MDPs model an attacker’s uncertainty about dynamics. However, they ignore another crucial consideration: attacker’s uncertainty about the true state of the system. Insofar as this introduces information asymmetry between the defender and attacker, it introduces a potentially very rich space of interdiction options for the defender. One issue that arises is signaling: if the defender knows aspects of the initial state which are unknown to the attacker, the defender’s mitigations can signal to the attacker information about the true initial state. This, in turn, provides an opportunity for deception: the defender may, through particular (costly) mitigations they deploy signal to an attacker that they have vulnerabilities they do not actually have, thereby deceiving the attacker into expending resources into an attack which cannot succeed. In addition, the defender may also control the observations of the attacker about system state, a capability which can provide further leverage.
As we can see, this partially observable Markov decision process (POMDP) interdiction problem is exceptionally rich. It is also an open problem from a computational perspective—we would argue, the next important open problem in plan interdiction.
5 Illustration: Threat Risk Assessment Using Plan Interdiction
Having motivated the plan interdiction problem rather abstractly, we now illustrate its value more concretely by using the planning framework for network cyber-risk analysis and mitigation. Specifically, we first define a model for cyber threat assessment using classical planning primitives, augmenting these with stochastic information which represents uncertainty about attacker’s access, such as which user accounts the attacker has already compromised. We then describe an implementation of this model, and demonstrate its value through experiments. Finally, we show that by selectively patching a small set of vulnerabilities we can dramatically reduce cyber risk.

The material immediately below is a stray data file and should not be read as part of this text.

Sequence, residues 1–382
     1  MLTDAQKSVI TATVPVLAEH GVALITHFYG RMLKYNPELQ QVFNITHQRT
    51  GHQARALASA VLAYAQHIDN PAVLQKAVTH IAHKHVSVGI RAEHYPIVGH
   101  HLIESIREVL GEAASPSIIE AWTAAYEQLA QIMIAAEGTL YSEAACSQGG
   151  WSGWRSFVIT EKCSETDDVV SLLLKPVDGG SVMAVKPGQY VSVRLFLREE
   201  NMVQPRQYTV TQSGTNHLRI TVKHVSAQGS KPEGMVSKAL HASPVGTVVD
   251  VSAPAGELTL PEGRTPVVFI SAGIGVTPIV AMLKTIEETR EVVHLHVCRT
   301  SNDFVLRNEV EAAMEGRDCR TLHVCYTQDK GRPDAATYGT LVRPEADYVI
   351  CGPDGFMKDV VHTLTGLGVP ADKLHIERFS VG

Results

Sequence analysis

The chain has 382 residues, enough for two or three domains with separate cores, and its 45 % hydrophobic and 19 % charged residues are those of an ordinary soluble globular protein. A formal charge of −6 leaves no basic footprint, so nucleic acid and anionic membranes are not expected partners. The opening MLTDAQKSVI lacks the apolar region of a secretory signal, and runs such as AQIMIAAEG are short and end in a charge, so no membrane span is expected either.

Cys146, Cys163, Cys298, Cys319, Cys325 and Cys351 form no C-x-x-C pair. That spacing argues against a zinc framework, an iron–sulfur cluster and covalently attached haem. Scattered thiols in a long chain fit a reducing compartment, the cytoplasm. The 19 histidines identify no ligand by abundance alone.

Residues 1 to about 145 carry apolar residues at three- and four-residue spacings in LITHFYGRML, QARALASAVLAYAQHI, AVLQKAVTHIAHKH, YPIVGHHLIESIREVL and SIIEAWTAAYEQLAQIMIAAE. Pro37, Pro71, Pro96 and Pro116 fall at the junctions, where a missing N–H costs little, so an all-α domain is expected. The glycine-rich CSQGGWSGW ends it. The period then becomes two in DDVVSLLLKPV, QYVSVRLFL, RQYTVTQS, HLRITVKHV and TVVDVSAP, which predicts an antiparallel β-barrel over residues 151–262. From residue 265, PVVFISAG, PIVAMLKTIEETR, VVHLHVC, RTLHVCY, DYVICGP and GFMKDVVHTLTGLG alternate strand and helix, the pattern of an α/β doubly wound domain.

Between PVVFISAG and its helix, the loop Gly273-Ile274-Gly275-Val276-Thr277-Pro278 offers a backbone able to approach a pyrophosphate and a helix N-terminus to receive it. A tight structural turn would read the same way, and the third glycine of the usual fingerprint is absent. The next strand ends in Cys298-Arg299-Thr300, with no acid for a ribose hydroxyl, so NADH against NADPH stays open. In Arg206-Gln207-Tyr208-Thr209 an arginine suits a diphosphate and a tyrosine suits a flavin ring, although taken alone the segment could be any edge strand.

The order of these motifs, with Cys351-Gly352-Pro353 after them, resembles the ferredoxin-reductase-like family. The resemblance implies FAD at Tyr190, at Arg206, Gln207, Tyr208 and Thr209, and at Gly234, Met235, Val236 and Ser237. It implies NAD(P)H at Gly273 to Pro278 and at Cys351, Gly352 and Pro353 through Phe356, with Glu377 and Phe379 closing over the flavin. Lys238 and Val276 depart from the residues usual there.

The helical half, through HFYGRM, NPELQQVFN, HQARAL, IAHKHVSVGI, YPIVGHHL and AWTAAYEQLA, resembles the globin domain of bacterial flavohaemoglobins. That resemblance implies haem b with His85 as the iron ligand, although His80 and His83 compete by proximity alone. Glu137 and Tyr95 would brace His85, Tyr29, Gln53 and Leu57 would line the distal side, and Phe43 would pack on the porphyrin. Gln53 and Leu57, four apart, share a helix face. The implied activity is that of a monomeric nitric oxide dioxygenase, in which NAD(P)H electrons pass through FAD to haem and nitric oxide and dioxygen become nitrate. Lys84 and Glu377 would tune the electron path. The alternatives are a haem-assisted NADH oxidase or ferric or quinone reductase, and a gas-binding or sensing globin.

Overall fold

In creating our network threat assessment model, we define six components: a set of hosts , the system environment , a dictionary of vulnerabilities , the target file , and the attacker with action set . Next, we formally describe these components. For illustration, we assume that the attacker aims to exfiltrate a particular file, which may represent sensitive information such as trade secrets.
Each host in our model represents a device within the target environment, with no inherent distinction made among personal computers, servers, mobile devices, etc. Formally, we define a host as possessing three attributes: a set of exploitable vulnerabilities , the set of neighboring hosts , and a flag , which indicates if the target file is present on the host. Vulnerabilities are assigned to a host stochastically, reflecting differences in particular host configurations, non-deterministic exploitation outcomes, and the relative complexity of executing the exploit. The set of neighbors of a host is the set of all hosts which can potentially be accessed from .